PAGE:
Combining absurdist horror with social realism, Good Manners takes the werewolf fable and deconstructs it within the context of modern Brazilian society, taking into account factors of race and class that help alleviate some narrative problems in the second half. The first (much better) section concerns poor housemaid Clara (Isabél Zuaa) as she helps rich housewife Anna (Marjorie Estiano) get ready for the birth of Anna’s first child. Clara begins to notice some peculiar things about Anna, such as her craving for meat, which at one point results in her eating a live cat. (A deadpan smash-cut transitions to Anna doing yoga the next day.)
It’s in this part of the film that the horror elements of Good Manners actually become relatively muted, as directors Juliana Rojas and Marco Dutra focus on the relationship between these two women, highlighting the outsider quality of Clara (dark-skinned and poor, she is, for instance, flagged immediately by security at a shopping center) and the monstrous appetite of the wealthy Anna. Unfortunately, the film gearshifts once the monster baby is born and embraces some conventions of the horror genre that betray the more methodical build-up of its central relationship. It’s a shame that Rojas and Dultra take this path in part because the tyranny of the upper class is far more terrifying than any CGI-laden creature they can conjure up.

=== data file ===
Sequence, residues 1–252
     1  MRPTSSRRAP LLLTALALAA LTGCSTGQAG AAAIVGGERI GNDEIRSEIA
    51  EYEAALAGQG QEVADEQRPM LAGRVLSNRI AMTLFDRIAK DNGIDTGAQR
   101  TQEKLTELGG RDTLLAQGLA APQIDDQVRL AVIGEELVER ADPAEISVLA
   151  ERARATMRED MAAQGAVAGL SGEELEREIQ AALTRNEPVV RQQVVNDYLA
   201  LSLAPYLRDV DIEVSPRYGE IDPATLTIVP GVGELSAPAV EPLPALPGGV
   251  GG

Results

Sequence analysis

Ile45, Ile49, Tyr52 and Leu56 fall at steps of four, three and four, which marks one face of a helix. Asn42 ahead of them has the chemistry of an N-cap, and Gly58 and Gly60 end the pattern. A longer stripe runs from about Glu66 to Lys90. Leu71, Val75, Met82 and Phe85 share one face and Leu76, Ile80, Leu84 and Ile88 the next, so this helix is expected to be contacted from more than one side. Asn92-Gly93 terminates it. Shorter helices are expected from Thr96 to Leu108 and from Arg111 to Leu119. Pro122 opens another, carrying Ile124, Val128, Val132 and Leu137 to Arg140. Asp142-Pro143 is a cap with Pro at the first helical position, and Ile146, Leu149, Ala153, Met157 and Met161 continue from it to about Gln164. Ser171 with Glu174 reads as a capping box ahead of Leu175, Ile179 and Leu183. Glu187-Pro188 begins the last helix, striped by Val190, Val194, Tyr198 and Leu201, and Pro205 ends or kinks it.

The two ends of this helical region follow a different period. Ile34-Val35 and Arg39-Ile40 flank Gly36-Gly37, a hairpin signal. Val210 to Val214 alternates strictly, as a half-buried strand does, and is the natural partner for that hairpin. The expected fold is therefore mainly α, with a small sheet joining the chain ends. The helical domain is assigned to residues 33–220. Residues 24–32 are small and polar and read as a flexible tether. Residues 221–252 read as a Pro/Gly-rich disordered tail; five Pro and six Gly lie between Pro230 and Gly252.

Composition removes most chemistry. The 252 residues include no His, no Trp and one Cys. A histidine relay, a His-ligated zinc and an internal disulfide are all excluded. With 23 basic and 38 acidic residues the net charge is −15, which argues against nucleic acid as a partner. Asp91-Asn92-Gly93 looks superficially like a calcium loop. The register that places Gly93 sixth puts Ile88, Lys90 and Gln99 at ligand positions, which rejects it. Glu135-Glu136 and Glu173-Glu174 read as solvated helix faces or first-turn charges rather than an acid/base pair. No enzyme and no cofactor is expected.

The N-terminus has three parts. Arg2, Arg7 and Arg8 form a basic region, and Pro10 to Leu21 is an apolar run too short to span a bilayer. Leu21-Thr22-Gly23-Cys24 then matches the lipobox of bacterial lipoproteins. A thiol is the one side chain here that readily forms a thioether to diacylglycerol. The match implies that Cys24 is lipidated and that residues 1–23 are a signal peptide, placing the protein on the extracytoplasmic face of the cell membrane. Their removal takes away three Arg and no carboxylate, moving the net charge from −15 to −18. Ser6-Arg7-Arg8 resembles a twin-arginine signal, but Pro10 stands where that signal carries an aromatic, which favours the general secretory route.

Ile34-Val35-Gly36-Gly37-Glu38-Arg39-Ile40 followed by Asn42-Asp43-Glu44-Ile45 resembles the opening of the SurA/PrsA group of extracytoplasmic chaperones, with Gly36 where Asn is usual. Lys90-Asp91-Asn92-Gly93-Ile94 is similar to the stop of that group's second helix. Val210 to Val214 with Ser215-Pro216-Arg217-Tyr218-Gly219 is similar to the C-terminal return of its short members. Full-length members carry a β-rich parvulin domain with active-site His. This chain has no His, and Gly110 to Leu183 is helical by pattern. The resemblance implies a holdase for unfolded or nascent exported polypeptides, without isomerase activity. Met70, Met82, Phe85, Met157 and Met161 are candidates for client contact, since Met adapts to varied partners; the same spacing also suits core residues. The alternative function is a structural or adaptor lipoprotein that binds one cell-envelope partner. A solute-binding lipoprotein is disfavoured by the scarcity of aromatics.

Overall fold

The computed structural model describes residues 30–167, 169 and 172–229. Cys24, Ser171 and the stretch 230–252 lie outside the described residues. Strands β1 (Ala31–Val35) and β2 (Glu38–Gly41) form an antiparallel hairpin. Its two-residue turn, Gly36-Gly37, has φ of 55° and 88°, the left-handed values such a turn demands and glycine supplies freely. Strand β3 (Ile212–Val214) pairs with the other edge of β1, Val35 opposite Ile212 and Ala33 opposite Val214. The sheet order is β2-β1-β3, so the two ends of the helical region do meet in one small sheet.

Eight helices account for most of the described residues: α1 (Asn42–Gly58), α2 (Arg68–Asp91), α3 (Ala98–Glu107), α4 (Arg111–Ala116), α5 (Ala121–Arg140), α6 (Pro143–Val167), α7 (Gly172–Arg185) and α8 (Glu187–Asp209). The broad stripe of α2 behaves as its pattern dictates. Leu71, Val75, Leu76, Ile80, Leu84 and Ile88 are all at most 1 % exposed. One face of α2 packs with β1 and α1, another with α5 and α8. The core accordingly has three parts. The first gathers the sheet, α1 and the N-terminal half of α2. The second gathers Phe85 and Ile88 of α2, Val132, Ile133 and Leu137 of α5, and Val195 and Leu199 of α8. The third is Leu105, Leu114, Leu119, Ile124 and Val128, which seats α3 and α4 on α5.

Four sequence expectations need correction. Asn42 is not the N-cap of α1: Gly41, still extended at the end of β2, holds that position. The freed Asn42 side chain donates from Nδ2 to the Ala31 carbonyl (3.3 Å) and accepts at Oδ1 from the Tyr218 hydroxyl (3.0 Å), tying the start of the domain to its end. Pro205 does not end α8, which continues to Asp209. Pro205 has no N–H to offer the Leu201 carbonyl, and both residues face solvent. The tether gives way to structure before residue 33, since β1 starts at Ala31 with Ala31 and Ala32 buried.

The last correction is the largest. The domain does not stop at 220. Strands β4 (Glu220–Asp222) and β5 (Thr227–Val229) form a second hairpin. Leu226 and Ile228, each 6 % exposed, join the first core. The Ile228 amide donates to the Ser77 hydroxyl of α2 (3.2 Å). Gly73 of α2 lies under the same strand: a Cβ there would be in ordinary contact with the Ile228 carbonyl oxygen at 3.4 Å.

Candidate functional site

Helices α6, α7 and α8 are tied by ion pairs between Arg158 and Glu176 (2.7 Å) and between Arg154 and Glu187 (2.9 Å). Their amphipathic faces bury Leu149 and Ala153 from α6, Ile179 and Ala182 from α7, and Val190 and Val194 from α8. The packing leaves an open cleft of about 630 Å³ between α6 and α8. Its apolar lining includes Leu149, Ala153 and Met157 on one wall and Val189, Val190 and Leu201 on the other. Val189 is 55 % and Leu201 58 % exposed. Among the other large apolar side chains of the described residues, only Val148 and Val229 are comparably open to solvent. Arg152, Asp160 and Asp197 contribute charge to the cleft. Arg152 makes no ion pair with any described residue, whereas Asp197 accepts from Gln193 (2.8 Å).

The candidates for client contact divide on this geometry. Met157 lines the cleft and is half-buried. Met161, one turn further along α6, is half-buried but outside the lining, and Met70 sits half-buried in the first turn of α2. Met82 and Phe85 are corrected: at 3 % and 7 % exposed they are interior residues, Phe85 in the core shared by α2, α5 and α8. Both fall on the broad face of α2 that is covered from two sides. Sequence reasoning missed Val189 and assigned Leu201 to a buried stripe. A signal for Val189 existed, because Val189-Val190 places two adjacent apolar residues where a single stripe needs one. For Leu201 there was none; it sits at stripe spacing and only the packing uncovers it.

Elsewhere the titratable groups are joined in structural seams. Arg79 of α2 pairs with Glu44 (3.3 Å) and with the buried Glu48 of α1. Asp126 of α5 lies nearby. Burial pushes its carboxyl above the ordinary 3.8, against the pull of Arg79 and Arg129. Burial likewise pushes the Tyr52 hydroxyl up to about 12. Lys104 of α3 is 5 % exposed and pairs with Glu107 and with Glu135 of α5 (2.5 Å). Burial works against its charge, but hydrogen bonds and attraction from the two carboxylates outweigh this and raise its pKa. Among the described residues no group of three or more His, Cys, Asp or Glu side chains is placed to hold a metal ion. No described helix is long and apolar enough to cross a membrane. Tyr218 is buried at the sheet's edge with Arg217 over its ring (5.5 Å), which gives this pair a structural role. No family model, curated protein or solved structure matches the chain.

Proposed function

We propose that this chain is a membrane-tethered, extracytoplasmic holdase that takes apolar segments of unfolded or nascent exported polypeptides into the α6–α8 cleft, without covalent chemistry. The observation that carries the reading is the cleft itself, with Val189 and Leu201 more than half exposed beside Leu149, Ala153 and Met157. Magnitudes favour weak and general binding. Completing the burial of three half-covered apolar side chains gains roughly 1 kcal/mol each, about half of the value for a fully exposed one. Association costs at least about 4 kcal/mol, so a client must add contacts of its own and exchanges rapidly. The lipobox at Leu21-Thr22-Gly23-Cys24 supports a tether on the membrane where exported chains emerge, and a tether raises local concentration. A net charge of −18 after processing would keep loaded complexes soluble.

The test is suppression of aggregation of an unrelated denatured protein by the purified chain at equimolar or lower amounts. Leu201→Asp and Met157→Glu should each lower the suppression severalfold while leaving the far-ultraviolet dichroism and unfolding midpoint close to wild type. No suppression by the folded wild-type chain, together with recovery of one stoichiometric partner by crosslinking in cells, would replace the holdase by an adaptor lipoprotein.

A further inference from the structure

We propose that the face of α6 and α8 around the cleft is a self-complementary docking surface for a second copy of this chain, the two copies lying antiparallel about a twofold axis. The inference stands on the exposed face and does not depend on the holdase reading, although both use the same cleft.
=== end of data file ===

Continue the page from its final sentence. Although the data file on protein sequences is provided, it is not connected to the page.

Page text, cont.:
Published as part of New Directors/New Films 2018 | Dispatch 2.